Fidelity: These Are the 3 Biggest Benefits of Active ETFs

Fidelity: These Are the 3 Biggest Benefits of Active ETFs

Fidelity’s Bowman talks active ETFs.

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Reviewed by: Mark Nacinovich
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Edited by: Kent Thune

Active funds have taken the ETF world by storm. Despite having approximately 6% of assets as of October 2023, active exchange-traded funds have accounted for nearly a quarter of all inflows this year. What’s causing this massive growth? In this episode of Talk ETFs, Fidelity Investments’ Jeff Bowman sits down with etf.com Senior Analyst Sumit Roy to answer this question and more.

Bowman is the Director of Investment Product at Fidelity, the brokerage and asset management firm that’s a growing force in the active ETF space.   

According to Bowman, there are many reasons why investors are embracing active ETFs this year, not the least of which is the ability to potentially outperform index funds*.  

“The ability for [active] portfolio managers to make adjustments to the portfolio and be proactive, leads to the potential for increased returns over the long run,” Bowman says.

Fidelity currently offers 21 active equity ETFs and 10 active fixed income ETFs.  

“We have decades of experience across market conditions and the investment teams bring a variety of perspective to help clients reach their goals.”  

In addition to breaking down why investors are running towards active ETFs, in this episode, Bowman talks about three key benefits that active ETFs provide investors. He also goes over Fidelity’s active ETF lineup and points investors to where they can learn more.  

Before investing in any mutual fund or exchange-traded fund, you should consider its investment objectives, risks, charges, and expenses. Contact Fidelity for a prospectus, an offering circular, or, if available, a summary prospectus containing this information. Read it carefully.

Exchange-traded products (ETPs) are subject to market volatility and the risks of their underlying securities, which may include the risks associated with investing in smaller companies, foreign securities, commodities, and fixed income investments. Foreign securities are subject to interest rate, currency exchange rate, economic, and political risks, all of which are magnified in emerging markets. ETPs that target a small universe of securities, such as a specific region or market sector, are generally subject to greater market volatility, as well as to the specific risks associated with that sector, region, or other focus. ETPs that use derivatives, leverage, or complex investment strategies are subject to additional risks. The return of an index ETP is usually different from that of the index it tracks because of fees, expenses, and tracking error. An ETP may trade at a premium or discount to its net asset value (NAV) (or indicative value in the case of exchange-traded notes). The degree of liquidity can vary significantly from one ETP to another and losses may be magnified if no liquid market exists for the ETP's shares when attempting to sell them. Each ETP has a unique risk profile, detailed in its prospectus, offering circular, or similar material, which should be considered carefully when making investment decisions.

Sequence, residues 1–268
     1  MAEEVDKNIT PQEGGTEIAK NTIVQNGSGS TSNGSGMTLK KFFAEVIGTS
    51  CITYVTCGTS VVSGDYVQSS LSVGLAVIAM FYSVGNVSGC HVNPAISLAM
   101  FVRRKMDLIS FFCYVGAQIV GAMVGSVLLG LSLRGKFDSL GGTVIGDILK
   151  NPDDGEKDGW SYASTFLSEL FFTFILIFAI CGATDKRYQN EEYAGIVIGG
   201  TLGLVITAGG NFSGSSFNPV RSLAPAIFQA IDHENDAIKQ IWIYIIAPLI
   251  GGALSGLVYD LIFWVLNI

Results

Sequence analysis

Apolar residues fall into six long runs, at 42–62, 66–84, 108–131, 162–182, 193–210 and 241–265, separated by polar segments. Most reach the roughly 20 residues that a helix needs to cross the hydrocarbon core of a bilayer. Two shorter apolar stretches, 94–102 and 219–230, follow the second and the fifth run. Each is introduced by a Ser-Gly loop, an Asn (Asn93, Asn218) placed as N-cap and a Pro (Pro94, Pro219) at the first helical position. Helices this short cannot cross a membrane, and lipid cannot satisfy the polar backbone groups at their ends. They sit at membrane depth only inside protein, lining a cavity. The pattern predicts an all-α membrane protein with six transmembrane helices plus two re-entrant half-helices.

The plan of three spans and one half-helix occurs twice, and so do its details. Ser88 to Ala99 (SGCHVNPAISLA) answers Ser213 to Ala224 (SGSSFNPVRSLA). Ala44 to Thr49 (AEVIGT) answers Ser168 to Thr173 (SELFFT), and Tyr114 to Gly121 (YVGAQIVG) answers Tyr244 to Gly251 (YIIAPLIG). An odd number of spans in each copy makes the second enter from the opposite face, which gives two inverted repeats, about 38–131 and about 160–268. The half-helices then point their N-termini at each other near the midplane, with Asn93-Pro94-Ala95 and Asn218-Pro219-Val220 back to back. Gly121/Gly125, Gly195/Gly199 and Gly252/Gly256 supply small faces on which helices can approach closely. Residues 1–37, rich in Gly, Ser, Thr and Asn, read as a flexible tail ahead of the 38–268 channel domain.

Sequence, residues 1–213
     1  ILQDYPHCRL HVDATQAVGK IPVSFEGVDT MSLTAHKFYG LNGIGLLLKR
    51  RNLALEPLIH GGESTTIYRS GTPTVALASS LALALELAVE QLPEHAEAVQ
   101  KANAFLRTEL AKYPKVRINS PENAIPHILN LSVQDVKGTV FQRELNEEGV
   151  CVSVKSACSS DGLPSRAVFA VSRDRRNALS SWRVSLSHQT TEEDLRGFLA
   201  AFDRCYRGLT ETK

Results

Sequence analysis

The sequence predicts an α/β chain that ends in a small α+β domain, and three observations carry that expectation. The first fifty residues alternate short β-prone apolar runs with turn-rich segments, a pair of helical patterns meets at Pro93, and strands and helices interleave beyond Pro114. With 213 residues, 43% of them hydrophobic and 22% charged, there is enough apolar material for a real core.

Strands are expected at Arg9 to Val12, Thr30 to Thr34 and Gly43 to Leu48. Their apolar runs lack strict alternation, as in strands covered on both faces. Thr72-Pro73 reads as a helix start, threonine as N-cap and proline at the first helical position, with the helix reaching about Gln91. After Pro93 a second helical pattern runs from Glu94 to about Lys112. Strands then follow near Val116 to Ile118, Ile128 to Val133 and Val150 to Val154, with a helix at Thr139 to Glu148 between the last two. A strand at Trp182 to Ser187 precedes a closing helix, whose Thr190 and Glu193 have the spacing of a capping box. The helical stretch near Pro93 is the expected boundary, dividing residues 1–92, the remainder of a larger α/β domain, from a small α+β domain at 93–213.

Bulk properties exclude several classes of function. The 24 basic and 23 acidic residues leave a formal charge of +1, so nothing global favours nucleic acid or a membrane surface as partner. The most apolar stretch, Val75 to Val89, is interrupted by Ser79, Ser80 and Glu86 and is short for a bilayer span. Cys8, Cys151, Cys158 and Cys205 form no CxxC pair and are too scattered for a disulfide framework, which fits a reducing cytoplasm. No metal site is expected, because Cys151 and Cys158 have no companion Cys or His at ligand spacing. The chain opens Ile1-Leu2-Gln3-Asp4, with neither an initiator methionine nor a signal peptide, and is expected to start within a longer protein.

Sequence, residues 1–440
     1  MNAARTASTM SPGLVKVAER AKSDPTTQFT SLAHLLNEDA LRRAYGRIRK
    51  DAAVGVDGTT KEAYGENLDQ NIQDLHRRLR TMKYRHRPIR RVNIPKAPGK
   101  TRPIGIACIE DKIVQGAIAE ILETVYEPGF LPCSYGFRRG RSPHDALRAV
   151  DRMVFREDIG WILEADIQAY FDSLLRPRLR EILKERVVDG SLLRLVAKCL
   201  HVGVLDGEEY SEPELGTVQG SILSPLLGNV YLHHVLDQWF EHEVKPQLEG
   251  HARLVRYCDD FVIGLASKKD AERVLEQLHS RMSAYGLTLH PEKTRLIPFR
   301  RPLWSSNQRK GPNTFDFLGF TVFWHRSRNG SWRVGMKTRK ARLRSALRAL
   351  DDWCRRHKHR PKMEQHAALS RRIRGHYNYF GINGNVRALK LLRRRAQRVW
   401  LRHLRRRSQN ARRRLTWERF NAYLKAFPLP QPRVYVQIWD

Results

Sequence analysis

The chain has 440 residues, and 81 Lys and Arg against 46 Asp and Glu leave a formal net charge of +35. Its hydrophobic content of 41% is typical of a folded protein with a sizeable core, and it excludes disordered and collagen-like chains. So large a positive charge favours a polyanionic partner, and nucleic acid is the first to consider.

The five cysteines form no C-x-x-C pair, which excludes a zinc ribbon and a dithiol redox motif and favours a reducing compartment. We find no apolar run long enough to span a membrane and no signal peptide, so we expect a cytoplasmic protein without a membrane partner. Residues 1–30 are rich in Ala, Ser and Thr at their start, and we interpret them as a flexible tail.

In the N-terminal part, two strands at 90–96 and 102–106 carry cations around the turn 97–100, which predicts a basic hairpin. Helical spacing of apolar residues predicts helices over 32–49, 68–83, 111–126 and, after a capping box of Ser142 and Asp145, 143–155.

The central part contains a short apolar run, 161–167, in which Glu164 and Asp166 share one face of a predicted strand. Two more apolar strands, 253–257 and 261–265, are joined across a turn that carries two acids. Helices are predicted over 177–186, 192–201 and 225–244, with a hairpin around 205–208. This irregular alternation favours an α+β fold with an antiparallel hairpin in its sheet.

*While active ETFs offer the potential to outperform an index, these products may more significantly trail an index as compared with passive ETFs.

Fidelity Brokerage Services LLC, Member NYSE, SIPC, 900 Salem Street, Smithfield, RI 02917

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Talk ETFs is a weekly video series hosted by etf.com’s Senior Analyst Sumit Roy. Episodes highlight up-to-the-minute investing trends and strategies with commentary from leading experts in the ETF industry.